Nearing the 50th anniversary of the initial Texas Massacre in 1973, a group of idealistic youngsters head to the long-abandoned town of Harlow, Texas. Their plan is to auction off this town’s properties in the hopes of bringing new life to it. Things go awry when the gang encounters an elderly woman named Ginny (Alice Krige) still living in the town (unbeknownst to them) with her adopted son (Mark Burnham), who likes to lurk at the top of staircases and stare menacingly at any unlucky souls pushing their gentrification agendas.
Ginny quickly learns that maintaining ownership of her house will have to wait, when her priorities are overcome by a sudden and severe heart attack. Two local police, present due to the property dispute, throw Ginny in the back of their truck and peel off for the hospital, accompanied by one of the young’un’s named Ruth (Nell Hudson) and the aforementioned lurking lad, who maintains his general lurky-ness. Things go even more awry when Ginny croaks. In a rage, Lurking Lad kills the two cops and subsequently causes Ruth to scream and the truck to crash into a loitering piece of farming machinery.
When she wakes up, Ruth sees Lurking Lad leaning over his freshly-deceased mother, making comparatively fresher cuts around her face, since she obviously won’t be needing it any more. He then dons the slab of face, and despite my newfound fondness of the name ‘Lecter-face,’ is revealed as the very same Leatherface we saw in the first film.
The 2022 film Texas Chainsaw Massacre follows in the footsteps of many other recent horror flicks by confusingly having the same name as the original film in its franchise. Similarly, the film doesn’t follow the continuity of the many previous sequels and prequels for the franchise, but serves rather as its own direct sequel to the original. This is great news for anyone who, like me, has only seen the original film.
Featured alongside those characters I’ve already mentioned is Sally Hardesty, the only survivor of the original film and one of the most iconic ‘final girls’ in horror movie history. The difference here is that Sally is portrayed by Owlen Fouéré, as opposed to original actress Marilyn Burns, who passed away in 2014. Although it’s… interesting to see Sally back in action, I can’t help but feel that her reappearance is unnecessary. I thought Fouéré did a decent job with the character, considering what she was given, but ultimately the writers give her no good reason to show up in the first place.
Before watching this, I had never before considered the place horror movies have in telling important stories about house-ownership morality and gentrification in general. Let’s just say there’s a reason for that. But oh, it doesn’t stop there with the half-assed social commentary. The film proves itself aware of issues like gun violence, racism, and cancel culture, but that’s ultimately the extent of its dealings with them; it acknowledges them but forgets to bring anything actually worthwhile to the table.
One scene in particular has Leatherface staring down a group of people in a bus as they livestream him on their phones and warn him he’ll be ‘canceled’ if he tries anything. Wh… why? Why did we need this? It doesn’t even jive with the rest of the film’s tone — what is this random joke doing in the middle of an otherwise serious slasher film?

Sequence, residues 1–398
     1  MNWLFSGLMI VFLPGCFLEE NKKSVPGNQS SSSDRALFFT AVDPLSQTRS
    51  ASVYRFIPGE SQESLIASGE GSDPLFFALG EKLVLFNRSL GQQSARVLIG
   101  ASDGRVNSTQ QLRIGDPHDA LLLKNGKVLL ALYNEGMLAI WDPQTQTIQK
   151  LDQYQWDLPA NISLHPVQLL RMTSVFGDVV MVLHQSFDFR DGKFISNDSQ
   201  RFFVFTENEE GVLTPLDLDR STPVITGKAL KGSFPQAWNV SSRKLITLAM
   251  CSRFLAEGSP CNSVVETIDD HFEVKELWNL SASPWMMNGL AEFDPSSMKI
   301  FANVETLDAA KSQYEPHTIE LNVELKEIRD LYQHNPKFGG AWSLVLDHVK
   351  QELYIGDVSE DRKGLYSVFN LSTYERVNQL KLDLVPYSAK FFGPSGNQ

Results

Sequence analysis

Something else we see briefly but is never fully explained is in relation to the actual Leatherface character. When his adoptive mother suffers from a heart attack, we see a glimpse of humanity in Leatherface, as he is genuinely concerned for her wellbeing. Now… if you’ve seen the first film, you’ll know that Leatherface killed those poor teens because his family was a bunch of happy ol’ cannibals, and intended to eat them. Here, the death of Ginny is used to merely justify Leatherface’s inevitable killing spree, as if a cannibalistic psychopath needed further justification in the first place.
If you think a character choice like that sounds ignorant to the original film, wait ’til you hear about the HORROR aspects of this horror film. Here’s the thing: 1974’s Texas Chainsaw Massacre was (and still is) iconic because of its low budget and its nuance. The word ‘nuance’ may sound out of place when discussing a slasher movie, but the original film actually showed very little in the way of gore and violence. It was terrifying because it allowed audience members to fill in the blanks themselves… after all, what’s more terrifying than your own imagination? The sequel ignores ALL of this. The kills are laughably over-the-top and more silly than scary, and it consequently seems like nobody making this movie actually knows what made the original so effective.
“But Jeremy,” I hear you asking , “is there ANYTHING you liked about this movie?”
Yes. There’s a reference to The Shining at one point.
That’s about it. In one scene, Leatherface smashes a wall with a sledgehammer. The way the camera abruptly follows the swings very closely resembles the scene in The Shining with Jack Torrence swinging an axe at a bathroom door. That was nice. I liked that.
So what did we learn here today? Well… if you’re looking for a good old horror film to decompress a bit, don’t go for this one. Watch the original Texas Chainsaw Massacre… or The Shining… or really almost anything else.
Overall rating: 2/10